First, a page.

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Presentation on theme: "INTEGRATED ENERGY PLAN PRESENTATION PORTFOLIO COMMITTEE ON ENERGY 20 NOVEMBER 2012 1."— Presentation transcript:


2 HIGH-LEVEL APPROACH 2 Identify key objectives for IEP Guided by National Objectives Informed by Energy White Paper and other energy policies Described in National Energy Act Influenced by various government policies Define Status Quo and implications for future trends Local and global challenges Informed by implemented policies with high impact on energy sector Macroeconomic factors, existing and implemented policies Informs assumptions about future energy demand Informs assumptions about technology trends Define Problem Statement Key Policy Questions that IEP should deal with Define key criteria and relative importance (weightings)

3 HIGH-LEVEL APPROACH 3 Identify policy alternatives Test Cases/Scenarios: Impact of existing high-impact policies Test Cases/Scenarios: New and proposed high-impact policies and policy options Desktop studies: New policy considerations Analyse and Evaluate Policy Alternatives Supply optimisation based on projected future demand (for Base Case and Test Cases) Evaluation of output from Supply Optimisation using Multi-Criteria Decision-Making Approach (MCDA) Make recommendati ons Will be informed by outcomes from previous step (MCDA)


5 BASE CASE The Base Case (also referred to as Baseline or Reference Case) encapsulates the state of energy demand and supply over the planning horizon, which is most closely informed by current energy market trends; the national macroeconomic outlook; assumed energy prices; existing energy infrastructure and the existing suite of policies and government programmes The Base Case is not a representation of the most likely future or most likely scenario, but is rather a simplistic representation of a future outcome that could materialise in light of current policies and macroeconomic trends. It represents a Business-As-Usual or Status Quo scenario where current trends continue into the future. 5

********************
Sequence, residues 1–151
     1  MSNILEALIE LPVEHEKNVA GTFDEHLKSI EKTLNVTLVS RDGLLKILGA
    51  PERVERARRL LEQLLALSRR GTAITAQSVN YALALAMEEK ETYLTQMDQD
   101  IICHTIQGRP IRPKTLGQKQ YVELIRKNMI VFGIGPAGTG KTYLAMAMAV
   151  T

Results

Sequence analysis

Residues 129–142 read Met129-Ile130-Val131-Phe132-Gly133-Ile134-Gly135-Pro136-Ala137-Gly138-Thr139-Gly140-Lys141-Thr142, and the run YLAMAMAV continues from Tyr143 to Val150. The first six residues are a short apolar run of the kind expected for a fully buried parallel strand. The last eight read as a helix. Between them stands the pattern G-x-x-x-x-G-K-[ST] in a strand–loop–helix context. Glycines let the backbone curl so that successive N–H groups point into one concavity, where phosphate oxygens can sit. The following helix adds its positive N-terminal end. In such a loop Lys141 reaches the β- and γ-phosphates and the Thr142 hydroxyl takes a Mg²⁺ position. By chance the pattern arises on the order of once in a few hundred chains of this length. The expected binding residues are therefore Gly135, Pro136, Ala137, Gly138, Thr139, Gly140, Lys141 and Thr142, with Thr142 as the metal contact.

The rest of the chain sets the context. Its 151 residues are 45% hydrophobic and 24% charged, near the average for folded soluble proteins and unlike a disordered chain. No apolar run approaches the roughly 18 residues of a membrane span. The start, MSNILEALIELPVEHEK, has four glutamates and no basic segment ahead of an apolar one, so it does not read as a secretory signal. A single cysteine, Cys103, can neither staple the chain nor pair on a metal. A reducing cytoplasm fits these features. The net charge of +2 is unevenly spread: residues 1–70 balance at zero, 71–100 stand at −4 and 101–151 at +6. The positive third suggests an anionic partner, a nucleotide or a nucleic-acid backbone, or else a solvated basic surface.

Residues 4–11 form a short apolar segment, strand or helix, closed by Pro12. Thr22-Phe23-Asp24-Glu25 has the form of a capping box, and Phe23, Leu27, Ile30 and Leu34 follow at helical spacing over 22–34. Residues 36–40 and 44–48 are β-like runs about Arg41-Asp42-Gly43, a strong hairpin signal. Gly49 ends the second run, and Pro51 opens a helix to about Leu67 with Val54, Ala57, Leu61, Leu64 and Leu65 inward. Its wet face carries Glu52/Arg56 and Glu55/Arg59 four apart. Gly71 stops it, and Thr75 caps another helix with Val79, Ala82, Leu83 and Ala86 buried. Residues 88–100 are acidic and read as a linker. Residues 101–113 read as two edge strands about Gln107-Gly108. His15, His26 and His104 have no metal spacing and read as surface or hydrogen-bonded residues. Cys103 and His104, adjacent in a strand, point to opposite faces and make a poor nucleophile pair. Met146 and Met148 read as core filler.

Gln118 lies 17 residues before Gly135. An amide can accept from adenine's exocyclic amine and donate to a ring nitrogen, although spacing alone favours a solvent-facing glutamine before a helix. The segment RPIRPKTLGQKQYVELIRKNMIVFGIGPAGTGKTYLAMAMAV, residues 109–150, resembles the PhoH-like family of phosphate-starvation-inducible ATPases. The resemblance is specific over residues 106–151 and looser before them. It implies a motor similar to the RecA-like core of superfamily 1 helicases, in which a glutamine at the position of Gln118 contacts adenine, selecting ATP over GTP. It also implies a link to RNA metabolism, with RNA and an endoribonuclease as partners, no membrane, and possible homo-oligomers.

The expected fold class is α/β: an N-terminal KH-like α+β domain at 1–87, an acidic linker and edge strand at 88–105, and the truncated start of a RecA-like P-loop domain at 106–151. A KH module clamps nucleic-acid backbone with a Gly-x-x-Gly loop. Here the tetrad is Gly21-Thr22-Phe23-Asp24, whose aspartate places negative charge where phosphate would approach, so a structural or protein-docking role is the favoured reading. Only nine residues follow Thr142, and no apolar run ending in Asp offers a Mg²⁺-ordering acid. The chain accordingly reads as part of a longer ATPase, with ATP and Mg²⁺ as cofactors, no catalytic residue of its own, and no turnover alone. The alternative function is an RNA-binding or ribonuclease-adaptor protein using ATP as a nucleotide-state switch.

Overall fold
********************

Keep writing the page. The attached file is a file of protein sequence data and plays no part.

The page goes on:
6 TEST CASE A deviation from the status quo where current trends do not continue into the future and deviations are as a result of specific policy interventions. A Test Case therefore defines a set of circumstances and resultant outcomes or impacts which is informed by the possible impacts of policies and policy interventions. A Test Case does not indicate what will happen but rather tests what could happen if a particular course of action takes place. While Test Cases are sometimes also referred to as scenarios, for the purposes of common interpretation, a Test Case is specifically differentiated from a scenario in that a scenario is largely influenced by exogenous forces which the policy maker has no control over. 6

7 KEY GLOBAL PLANNING PARAMETERS 7 HIGH-IMPACT POLICIES Energy White Paper Integrated Resource Plan (IRP 2010) National Development Plan New Growth Path National Climate Change Response White Paper National Transport Master Plan Beneficiation Strategy Proposed Carbon Tax Policy POLICY-DRIVEN PLANNING PARAMETERS Minimum Renewable Energy Production Target Reserve Margin Annual Emissions Limits Emission Penalties MACROECONOMIC PARAMETERS Discount Rate Economic Growth Global Oil Prices


9 HIGH-IMPACT POLICY: COMMITTED IRP 2010 9 The IRP committed build plan is included in the Base Case Eskom Commitments (Pre IRP) 2011 determinations 2012 determinations

10 POLICY-DRIVEN PARAMETERS Annual Emissions Limits Emissions Penalties Minimum Renewable Energy Production Reserve Margin 10

11 POLICY-DRIVEN PARAMETERS: MINIMUM RENEWABLE ENERGY PRODUCTION 11 Electricity: Will be based on total renewable energy in IRP2010 Liquid Fuels/Petroleum: Regulations on Blending of Biofuels not yet promulgated RE IPP Window 1 RE IPP Window 2 Future Windows

12 RESERVE MARGIN The Energy Security Master Plan for Electricity, ESMP- Electricity, of 2007 recommended a reserve margin of 19% for electricity generation capacity in South Africa A reserve margin of 19% indicates the point where the trade- off between costs and reliability is minimum. (Based on costs as calculated during the drafting of the ESMP 2007) 12

13 MACROECONOMIC INDICATORS Discount Rate: – 11.3% as provided by National Treasury Economic Growth: – Based on National Treasury 2012 Budget Forecast (Provided prior to the 2012 Medium-Term Budget Policy Statements - MTBPS) Global Oil Price: – Based on the Energy Information Administration (EIA) Annual Energy Outlook 2012 (AEO2010) Projections 13

14 GDP GROWTH RATE 14 Low growth scenario Short TermMedium TermLong Term 2012201320142015-20202021-2031 2.7%3.0%3.3%3.2%3.0% Moderate growth scenario Short TermMedium TermLong Term 2012201320142015-20202021-2031 2.7%3.6%4.2%4.0% High growth scenario Short TermMedium TermLong Term 2012201320142015-20202021-2031 2.7%3.6%4.2%4.6%5.0% Base Case: GDP growth forecasts will be based on “Moderate Growth Scenario” GDP growth scenarios are based on National Treasury 2012 Budget Forecast


16 GDP GROWTH RATE 16 HistoricalProjections 2011